Active Legislative Session wraps up after “tackling tough issues”

By Sarah Pridgeon

The 2013 Legislative Session wrapped up last week having seen a total of 429 bills considered, a supplemental budget adopted that includes cuts in most state departments and plenty of surprises. Governor Matt Mead thanked Legislators for having the courage to tackle “tough issues” that included education reform, fuel tax hikes, human trafficking and a new state lottery.

Of the 429 bills introduced at the session, a total of 206 were passed. The Senate introduced 161 pieces of legislation, 87 of which passed both the House and Senate, while 119 of the House’s 263 bills were approved by both bodies.

The session was not without its revelations, with the “Hill Bill” emerging as an early contender for biggest shock. In the weeks since the bill was passed, removing most of the duties of the state education superintendent and transform the role into a mostly ceremonial one, the Wyoming Constitution Party has begun collecting signatures on a statewide petition to repeal the decision, calling it a violation of state constitution.

Governor Matt Mead said that signing the bill into law was not an easy decision. “This bill addressed a structural problem in a system that existed for many years.”

Hill herself has announced that she will be running for governor in the next election cycle against incumbent Matt Mead and has instigated a lawsuit to challenge the bill. Hearings will begin on March 14.

Representative Hans Hunt meanwhile surprised constituents with a strongly worded response to a letter that was sent to representatives around the state. The missive was penned by a minister who had recently moved to Wyoming and, having developed concerns about expanding gun laws and the dangers of fracking, was considering leaving again.

“I’ll be blunt,” replied Hunt, continuing true to his word. “If you don’t like the political atmosphere of Wyoming, then by all means, leave.”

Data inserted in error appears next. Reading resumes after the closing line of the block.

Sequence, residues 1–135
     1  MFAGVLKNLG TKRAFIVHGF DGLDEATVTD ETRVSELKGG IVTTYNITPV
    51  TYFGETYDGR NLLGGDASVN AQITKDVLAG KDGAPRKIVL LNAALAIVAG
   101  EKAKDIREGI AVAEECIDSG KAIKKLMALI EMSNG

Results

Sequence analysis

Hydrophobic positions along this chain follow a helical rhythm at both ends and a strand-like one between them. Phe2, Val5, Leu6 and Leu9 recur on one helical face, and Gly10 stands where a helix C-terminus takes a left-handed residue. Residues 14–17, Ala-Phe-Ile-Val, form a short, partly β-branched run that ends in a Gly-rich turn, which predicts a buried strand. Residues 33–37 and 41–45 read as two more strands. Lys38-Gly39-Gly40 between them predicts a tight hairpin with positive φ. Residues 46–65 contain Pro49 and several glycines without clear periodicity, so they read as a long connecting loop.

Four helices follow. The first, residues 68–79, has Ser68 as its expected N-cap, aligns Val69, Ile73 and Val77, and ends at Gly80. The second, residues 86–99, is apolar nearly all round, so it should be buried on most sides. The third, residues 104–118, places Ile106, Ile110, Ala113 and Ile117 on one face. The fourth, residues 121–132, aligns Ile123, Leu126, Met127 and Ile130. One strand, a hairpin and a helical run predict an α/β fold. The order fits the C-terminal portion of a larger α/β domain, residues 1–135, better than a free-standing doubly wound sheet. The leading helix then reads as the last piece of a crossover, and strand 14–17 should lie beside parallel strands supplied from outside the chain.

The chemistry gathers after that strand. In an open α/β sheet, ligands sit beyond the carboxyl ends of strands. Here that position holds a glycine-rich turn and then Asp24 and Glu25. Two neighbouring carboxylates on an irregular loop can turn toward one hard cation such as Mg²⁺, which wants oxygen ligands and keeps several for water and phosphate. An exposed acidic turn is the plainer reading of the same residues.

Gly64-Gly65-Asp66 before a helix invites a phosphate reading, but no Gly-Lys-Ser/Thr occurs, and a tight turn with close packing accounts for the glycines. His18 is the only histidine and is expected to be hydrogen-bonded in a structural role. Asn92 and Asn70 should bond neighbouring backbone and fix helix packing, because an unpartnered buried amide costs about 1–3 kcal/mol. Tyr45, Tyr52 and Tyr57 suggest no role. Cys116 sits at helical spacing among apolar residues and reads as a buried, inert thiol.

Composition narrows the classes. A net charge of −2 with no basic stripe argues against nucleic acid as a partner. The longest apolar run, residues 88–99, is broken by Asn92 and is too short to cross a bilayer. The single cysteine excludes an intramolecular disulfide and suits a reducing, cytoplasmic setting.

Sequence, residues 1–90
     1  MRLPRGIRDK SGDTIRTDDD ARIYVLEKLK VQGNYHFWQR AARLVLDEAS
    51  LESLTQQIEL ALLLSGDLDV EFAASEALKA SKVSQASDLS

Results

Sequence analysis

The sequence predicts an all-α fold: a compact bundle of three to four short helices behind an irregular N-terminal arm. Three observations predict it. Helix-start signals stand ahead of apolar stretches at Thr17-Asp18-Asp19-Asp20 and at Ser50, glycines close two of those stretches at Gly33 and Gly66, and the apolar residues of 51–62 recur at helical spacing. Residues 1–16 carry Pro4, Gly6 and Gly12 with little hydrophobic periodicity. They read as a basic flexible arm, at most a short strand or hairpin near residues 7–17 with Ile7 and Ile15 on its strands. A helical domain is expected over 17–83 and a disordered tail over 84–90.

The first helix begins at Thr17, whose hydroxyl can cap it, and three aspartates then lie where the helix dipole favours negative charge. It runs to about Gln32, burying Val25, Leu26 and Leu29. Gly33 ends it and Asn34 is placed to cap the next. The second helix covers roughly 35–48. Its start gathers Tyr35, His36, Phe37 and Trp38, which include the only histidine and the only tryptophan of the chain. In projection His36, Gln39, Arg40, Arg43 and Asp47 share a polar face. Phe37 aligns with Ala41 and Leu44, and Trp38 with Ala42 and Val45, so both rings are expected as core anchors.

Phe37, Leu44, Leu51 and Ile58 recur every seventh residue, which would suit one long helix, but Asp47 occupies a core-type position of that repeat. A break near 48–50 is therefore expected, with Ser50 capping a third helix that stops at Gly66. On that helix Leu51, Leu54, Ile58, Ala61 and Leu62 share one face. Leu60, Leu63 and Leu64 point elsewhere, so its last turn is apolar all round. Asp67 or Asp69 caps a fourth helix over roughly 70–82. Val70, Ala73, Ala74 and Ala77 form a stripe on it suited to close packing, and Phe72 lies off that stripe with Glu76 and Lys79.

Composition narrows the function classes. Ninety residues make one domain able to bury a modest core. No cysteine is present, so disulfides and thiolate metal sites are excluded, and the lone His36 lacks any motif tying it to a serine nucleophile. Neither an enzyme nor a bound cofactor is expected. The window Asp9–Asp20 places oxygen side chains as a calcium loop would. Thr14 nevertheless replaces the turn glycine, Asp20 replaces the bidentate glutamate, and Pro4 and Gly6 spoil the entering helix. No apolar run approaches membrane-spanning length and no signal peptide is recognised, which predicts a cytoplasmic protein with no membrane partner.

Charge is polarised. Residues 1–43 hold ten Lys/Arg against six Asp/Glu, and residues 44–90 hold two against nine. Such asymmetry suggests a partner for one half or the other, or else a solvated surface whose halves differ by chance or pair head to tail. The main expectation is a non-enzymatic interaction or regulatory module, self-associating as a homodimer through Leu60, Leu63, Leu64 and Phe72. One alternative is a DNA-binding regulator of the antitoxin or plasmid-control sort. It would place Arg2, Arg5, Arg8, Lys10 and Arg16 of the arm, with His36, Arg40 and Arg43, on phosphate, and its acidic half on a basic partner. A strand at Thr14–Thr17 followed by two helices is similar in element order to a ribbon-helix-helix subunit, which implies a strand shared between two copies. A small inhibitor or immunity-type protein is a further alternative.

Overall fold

Hunt railed against liberal out-of-staters who move to Wyoming and then “pompously demand” that its people conform to their way of thinking, debunking the minister’s concerns as not scientifically proven and expressing his support for Wyoming’s

“live and let live” approach to economic development. “If you’re so worried about what our legislature is working on, then go back home.”

The Hans Hunt Letters, as they became known, circulated widely and soon garnered national attention. Hunt, who remains unapologetic about his response, nevertheless told TheBlaze.com that he wishes he’d articulated one point more clearly:

“By all means, please come to Wyoming, ’cause we’d love to have you. But if you’ve come here with some sort of preconceived notion that it isn’t, then accept what it is, and don’t be offended that it’s not what you thought it was going to be.”

More recently, a bill that was intended to regulate Wyoming’s bison population, by increasing the number a hunter can kill from one in a lifetime to one every five years, returned to the senate as the session came to a close, only to have an amendment added that would set aside $250,000 to protect Second Amendment rights.

The money was appropriated from the General Fund to the Attorney General’s office and can be spent only for the purpose of defending citizen’s Second Amendment rights, “including defending against any executive orders which would limit the ability of Wyoming citizens to hunt or manage bison.” Senators on the floor debated whether the amendment was constitutional, with some claiming it would protect hunter’s rights and others wondering what it had to do with a bill about bison hunting.

“We have protected our ability to hunt bison against a very real threat to remove the firearms that can be used to hunt bison,” said Senator Scott.

Governor Matt Mead allowed a bill that forced the University of Wyoming to make its search for a new president public to become law without his signature. His intention, he said, was for the Board of Trustees to finalize its search under the terms that were established at the beginning of the process rather than to change the process midstream; he also expressed concern about the precedent set by the bill.

“By not affixing my signature to this bill, I wanted to express my concern about creating another exemption from disclosure under the Public Records Act,” he said. “We should avoid further expansion of this law.”

Lawmakers also made sure that Medicaid cannot be expanded within Wyoming without their approval. The stipulation was added to a bill that addressed health insurance exchanges as a last-minute attempt to ensure that the governor does not move forward with Medicaid expansion to Wyoming’s 17,600 poor adults.